Maxine Gail VEATCH and Chris Price, Plaintiffs–Appellants, v. BARTELS LUTHERAN HOME, a/k/a Bartels Lutheran Retirement Community, Debra K. Schroeder and Brianna Brunner, Defendants–Appellees.
This appeal raises the question whether our savings statute, Iowa Code section 614.10 (2009), allows plaintiffs to refile multiple lawsuits during the six-month period provided in the statute. Plaintiffs Maxine Veatch and Chris Price challenge the district court's grant of summary judgment in favor of Bartels Lutheran Home. The district court concluded section 614.10 sanctioned only one refiling within six months, barring the plaintiffs' second refiling as untimely. After examining the words used by the legislature, we agree that the savings clause allows a single refiling and affirm the district court's grant of summary judgment.
I. Background Facts and Proceedings
On September 27, 2006, plaintiffs Veatch and Price visited their mother, Agnes Bell, at her skilled-care residential unit at Bartels Lutheran Home (Bartels).1 On that day, Bartels employee Jan Whiteside reported to her supervisor, Jennifer Kane, that she witnessed Veatch “shove” Bell into her wheelchair and that Price, immediately thereafter, returned Bell to her room. Veatch and Price dispute that account and maintain that Veatch caught her mother, preventing her from falling to the ground when she suddenly collapsed, and guided Bell into her wheelchair.
Upon hearing Whiteside's report, Kane instructed Whiteside to call the Iowa Department of Inspections and Appeals (DIA) to report the incident as a potential case of dependant adult abuse. Whiteside reported the incident to DIA and Bartels staff reported the incident to the State Ombudsman's Department of Elder Affairs, the Iowa Department of Human Services (DHS), and the Waverly Police Department. On September 29, 2006, Waverly Police Officer Jason Leonard arrested Veatch for simple misdemeanor assault. Veatch remained in jail overnight and was released the following day, subject to an order that she have no contact with her mother. Veatch faced a jury trial on the assault charge commencing on August 2, 2007. On August 3, 2007, the jury returned a verdict finding her not guilty.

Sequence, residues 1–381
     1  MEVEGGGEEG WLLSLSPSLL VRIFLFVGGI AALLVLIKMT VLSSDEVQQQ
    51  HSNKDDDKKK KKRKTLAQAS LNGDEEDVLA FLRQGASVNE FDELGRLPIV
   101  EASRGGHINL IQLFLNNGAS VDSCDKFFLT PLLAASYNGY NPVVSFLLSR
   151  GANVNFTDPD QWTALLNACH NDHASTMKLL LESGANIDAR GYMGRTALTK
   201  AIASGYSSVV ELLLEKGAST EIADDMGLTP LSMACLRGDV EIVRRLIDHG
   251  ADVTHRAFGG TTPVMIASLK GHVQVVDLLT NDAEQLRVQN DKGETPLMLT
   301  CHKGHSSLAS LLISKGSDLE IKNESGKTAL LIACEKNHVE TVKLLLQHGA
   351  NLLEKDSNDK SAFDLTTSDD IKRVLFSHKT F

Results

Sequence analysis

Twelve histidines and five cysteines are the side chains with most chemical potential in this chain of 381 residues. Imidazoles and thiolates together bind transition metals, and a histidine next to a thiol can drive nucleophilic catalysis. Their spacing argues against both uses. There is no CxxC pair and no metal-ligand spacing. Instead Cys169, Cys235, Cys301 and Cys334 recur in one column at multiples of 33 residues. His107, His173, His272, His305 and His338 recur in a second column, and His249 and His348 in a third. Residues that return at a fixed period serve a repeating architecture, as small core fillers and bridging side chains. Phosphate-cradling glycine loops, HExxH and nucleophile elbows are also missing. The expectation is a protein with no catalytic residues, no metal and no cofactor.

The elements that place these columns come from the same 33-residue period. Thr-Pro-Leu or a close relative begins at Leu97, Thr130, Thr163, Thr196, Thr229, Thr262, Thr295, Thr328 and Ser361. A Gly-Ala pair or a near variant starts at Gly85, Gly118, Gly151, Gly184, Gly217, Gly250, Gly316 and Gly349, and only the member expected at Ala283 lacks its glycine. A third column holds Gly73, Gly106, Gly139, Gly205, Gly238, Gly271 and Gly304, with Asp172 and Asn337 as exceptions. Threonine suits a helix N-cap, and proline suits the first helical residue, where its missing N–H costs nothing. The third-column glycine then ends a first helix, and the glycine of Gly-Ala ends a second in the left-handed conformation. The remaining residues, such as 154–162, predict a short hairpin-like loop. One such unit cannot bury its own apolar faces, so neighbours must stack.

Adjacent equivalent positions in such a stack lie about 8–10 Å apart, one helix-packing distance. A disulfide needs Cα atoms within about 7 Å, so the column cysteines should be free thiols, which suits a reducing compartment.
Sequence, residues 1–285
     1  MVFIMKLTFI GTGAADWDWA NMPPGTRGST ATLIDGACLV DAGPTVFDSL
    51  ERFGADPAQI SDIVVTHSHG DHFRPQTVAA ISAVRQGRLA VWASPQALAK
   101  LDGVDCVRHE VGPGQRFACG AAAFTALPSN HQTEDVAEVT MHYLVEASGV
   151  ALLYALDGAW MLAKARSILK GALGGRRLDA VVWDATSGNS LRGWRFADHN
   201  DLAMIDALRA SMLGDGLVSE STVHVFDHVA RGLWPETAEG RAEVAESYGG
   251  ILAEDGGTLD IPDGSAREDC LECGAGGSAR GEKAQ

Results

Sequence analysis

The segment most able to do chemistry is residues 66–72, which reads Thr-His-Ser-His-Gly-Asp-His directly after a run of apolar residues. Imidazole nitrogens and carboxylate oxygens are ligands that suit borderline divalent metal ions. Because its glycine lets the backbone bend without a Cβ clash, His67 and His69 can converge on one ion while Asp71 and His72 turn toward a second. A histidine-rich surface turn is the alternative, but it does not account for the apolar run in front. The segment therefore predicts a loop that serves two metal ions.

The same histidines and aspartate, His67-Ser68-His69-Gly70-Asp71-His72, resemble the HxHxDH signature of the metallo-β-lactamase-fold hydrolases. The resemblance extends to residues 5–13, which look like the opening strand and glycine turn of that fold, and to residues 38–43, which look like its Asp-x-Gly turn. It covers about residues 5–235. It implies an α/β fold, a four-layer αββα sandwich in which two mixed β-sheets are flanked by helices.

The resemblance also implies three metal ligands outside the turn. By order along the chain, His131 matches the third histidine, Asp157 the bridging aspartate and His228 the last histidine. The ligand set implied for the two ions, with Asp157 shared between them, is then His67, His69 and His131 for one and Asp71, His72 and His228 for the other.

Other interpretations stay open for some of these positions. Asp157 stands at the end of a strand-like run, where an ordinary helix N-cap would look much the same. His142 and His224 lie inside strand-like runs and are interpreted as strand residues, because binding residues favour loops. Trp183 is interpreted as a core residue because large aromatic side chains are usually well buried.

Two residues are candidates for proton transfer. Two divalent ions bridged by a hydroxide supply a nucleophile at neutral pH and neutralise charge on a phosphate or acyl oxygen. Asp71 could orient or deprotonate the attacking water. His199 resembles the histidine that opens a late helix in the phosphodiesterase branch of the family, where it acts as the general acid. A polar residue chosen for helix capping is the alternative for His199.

The DHS also opened an investigation and on January 18, 2007, issued a report indicating the allegation of dependant adult abuse against Veatch was founded. But on October 16, 2007, an administrative law judge reversed the DHS determination, holding the allegations of dependent adult abuse were unfounded.
On June 9, 2008, Veatch and Price timely filed their initial lawsuit in federal court to recover damages for the above occurrences. They alleged state-tort claims against Bartels Lutheran Home; Bartels' president and chief executive officer, Debra K. Schroeder; and Bartels' then-director of nursing, Brianna Bruner (collectively, the Bartels defendants);2 as well as federal and state claims against the City of Waverly; and Sergeant Jason Leonard, the arresting officer for the Waverly Police Department (collectively, the Waverly defendants).3 Both the Bartels defendants and the Waverly defendants moved for summary judgment. On October 9, 2009, the court granted the Waverly defendants' motion for summary judgment, declined to exercise jurisdiction over the remaining state-law claims relevant to this appeal, and dismissed those claims without prejudice in its judgment entered October 15, 2009.